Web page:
This is a marvelous system that can increase student learning while saving you up to 80% of the grading effort. This system was used by W. Prothero in UCSB's Oceanography class, with excellent results. The software that supports this pedagogy was originally written by UCLA chemists. The method was modified and implemented by W. Prothero. Currently, only the UCLA system is available to the public.
Elements of a "CPR" assignment:
- The assignment description
- A scoring rubric that students will use to score papers
- Three "calibration" papers, scored by the instructor
- Other resources, instructions, etc. that students need to complete the assignment.
- For data intensive explorations, a list of links or resources to allow acquisition of data or data representations
To do the assignment, the student:
- Writes paper. Use EarthEd Online screen or write in Word and paste in text.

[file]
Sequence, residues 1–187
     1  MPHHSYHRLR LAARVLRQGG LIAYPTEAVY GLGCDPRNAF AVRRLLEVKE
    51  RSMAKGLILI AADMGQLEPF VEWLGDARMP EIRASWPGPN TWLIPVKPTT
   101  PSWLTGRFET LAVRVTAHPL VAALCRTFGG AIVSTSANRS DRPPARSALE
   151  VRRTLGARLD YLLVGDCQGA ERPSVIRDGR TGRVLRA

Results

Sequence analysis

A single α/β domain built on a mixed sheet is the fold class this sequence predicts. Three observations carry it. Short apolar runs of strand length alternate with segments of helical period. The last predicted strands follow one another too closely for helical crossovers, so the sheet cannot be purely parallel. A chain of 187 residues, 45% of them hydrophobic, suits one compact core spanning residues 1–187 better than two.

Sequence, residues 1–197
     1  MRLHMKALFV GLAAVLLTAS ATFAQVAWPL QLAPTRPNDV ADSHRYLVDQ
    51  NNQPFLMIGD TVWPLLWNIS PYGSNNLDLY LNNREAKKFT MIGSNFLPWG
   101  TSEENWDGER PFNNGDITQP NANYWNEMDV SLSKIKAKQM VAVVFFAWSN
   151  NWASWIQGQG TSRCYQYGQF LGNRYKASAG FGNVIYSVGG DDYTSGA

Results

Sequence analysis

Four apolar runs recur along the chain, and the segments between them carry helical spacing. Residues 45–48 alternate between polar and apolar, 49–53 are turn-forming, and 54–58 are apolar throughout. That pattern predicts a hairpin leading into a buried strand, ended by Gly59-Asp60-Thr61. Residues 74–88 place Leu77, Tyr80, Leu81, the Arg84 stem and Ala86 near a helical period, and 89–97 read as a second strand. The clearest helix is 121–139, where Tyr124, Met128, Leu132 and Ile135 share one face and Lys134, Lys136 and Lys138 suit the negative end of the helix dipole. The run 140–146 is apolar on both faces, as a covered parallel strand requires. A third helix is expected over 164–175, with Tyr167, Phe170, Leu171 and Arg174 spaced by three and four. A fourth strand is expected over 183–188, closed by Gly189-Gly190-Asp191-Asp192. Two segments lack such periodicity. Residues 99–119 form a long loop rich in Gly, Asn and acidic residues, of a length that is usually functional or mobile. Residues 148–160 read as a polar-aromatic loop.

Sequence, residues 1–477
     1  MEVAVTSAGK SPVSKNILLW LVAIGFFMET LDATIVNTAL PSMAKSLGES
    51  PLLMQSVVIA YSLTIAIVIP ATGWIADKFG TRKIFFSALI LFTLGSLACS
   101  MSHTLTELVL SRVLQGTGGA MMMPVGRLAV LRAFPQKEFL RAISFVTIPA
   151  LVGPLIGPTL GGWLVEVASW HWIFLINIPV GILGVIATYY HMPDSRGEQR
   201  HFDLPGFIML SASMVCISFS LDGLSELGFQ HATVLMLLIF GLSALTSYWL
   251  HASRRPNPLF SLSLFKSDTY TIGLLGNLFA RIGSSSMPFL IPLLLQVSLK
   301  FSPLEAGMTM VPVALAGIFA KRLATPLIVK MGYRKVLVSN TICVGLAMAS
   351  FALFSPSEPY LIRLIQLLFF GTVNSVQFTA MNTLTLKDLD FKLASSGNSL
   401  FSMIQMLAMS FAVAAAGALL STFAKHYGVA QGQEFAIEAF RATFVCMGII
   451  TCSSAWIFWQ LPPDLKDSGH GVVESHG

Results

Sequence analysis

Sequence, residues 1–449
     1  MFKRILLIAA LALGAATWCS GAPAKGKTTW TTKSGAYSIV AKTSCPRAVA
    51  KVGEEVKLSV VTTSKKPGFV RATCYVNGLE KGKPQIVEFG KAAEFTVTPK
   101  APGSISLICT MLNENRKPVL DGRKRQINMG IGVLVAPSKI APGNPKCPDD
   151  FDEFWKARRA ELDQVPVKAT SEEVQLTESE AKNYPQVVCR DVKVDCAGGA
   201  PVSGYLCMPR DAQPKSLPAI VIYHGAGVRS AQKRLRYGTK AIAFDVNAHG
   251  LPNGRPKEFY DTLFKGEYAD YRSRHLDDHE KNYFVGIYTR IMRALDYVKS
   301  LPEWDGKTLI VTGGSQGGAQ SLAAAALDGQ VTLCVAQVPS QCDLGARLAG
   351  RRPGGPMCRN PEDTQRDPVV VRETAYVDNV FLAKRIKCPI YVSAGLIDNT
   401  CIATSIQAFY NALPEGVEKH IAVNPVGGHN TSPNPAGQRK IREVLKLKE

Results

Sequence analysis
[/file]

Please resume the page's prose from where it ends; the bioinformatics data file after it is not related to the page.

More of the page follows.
- Hands in paper before due date/time (click the "hand in button")
- Begins review of "calibration" papers 24hrs after the hand-in due date. (Students are prompted if their average item grade for a "heading" is greater than a preset value)
- Reviews 3 peer papers (randomly assigned and anonymous)
- Reviews own paper
The paper grade is computed from:
- Peer grades (3) weighted by each reviewer's rms variation from the calibration paper item scores
- Prof or TA grade if student requests it. This grade over-rides the peer grade.
A grade is also given for the quality of the student's reviews. It is based on:
- Difference between grade given peers and final grade each peer received
- Difference between final grade for own paper and score for own paper
- RMS deviation of calibration paper scores relative to "correct" scores
- All weights and point settings can be configured by the instructor.
The system encourages students to grade their peers carefully because they get points for the quality of their reviews. It also reduces the effect of students who do a sloppy job of grading. This will show up in errors in their calibration paper scoresheet item grades, thereby down-weighting the effect on their review on peers' grade.